Important headlines for May 29th - The media & Hogg win and intellectual

Important headlines for May 29th  The media & Hogg win and intellectual honesty dies 

Bottom Line: These are stories you shouldn't miss and my takes on them... 

Hot Take: Congrats to the Tampa Bay Times and the Sentinel network papers. They won. What they accomplished is chilling and its implications are alarming, but they were successful in what the initial mission was clearly initiated to be. Here's the quick walk back in time... 

Two weeks ago, out of nowhere, the Tampa Bay Times and the Sentinel papers reported that over the course of three years over 74,000 chicken tender subs had been donated to Adam Putnam. Now, of course for almost that entire stretch he'd simply been Florida's Agriculture Commissioner, not a candidate for Govenor, but that was also conveniently left out of the reporting. Anyway, they figured out how to do math and determined that Publix had donated the equivalent of $670,000 with those subs. End of the reporting. They also managed to omit the fact that Publix had actually donated about 40% more to Democrats than Republicans in the 2018 election cycle but those facts weren't evidently relevant to the attempted hit on Putnam and Publix that was underway. Predictably left-wing organizations targeted Publix.  

Publix first distanced itself from the NRA (how absurd is that to begin with...) and in-conjunction with David Hogg's illegal "die-in" protests caved and said they've frozen political donations. What's chilling about this is the successful campaign by major news outlets to exact this type of outcome and the message it now sends to the rest of political donors, especially companies, in Florida. If you donate to candidates we, the news media don't like, we'll potentially attempt to take you out. This coordinated hit job is Florida's version of the deep-state in Washington. And this really isn't about Adam Putnam (it is because he's the target of this), it's about all others going forward.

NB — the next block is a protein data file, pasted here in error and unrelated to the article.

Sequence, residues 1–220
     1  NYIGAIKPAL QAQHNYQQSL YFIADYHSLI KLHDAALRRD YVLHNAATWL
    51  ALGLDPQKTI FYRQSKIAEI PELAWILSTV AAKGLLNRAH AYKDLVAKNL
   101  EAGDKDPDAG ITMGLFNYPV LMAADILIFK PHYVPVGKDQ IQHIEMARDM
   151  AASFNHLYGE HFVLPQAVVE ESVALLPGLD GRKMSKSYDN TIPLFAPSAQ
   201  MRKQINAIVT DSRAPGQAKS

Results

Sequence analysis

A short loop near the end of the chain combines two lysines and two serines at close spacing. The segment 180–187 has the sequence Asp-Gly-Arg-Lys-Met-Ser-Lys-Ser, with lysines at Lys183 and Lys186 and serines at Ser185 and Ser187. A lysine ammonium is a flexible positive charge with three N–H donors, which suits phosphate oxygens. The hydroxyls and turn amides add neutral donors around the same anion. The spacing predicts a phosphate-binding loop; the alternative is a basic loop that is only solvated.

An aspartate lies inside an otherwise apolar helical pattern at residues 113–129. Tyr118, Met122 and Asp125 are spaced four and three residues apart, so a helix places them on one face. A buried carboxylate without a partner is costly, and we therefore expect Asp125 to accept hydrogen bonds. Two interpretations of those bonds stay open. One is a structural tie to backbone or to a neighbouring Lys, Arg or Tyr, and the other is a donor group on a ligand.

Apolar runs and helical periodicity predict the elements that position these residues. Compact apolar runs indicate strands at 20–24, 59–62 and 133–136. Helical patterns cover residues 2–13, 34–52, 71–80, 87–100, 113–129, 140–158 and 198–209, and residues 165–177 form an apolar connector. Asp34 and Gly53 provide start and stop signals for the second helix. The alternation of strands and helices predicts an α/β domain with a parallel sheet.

Excerpt: It is far more common for Americans to use guns to defend themselves or others against violence than to use guns to commit violence. Do those lives matter 

According to data from the Department of Justice, β€œIn 2007–11, there were 235,700 victimizations where the victim used a firearm to threaten or attack an offender.” In another 103,000 instances, people used a firearm to defend their property against an offender. 

That means over the five-year period from 2007 to 2011, there were more than 338,000 instances in which people defended themselves with a firearm, about 67,000 instances each year. Many researchers believe those figures are too low. A far-reaching survey conducted in the 1990s by Gary Kleck, a professor at Florida State University, found there are 2.1 to 2.5 million defensive gun uses annually. 

Hot Take: This is a topic and information I've brought you readily over the past year recapping again as recently as last week. That this information is making its way to mainstream (albeit center-right in the case of the Federalist), is encouraging. Do the lives saved, the would-be victims who aren't victimized due to one's ability to use defensive force of a firearm, etc. Matter? They certainly do to those involved but to-date, not to most of the media or any of the activist groups that blame guns, rather than people, for murder. Isn't it ironic that if someone murders with bombs or vehicles it's the person that's to blame but if it's a gun that used it's the gun and the NRA that's to blame?  

Until tomorrow...     

 

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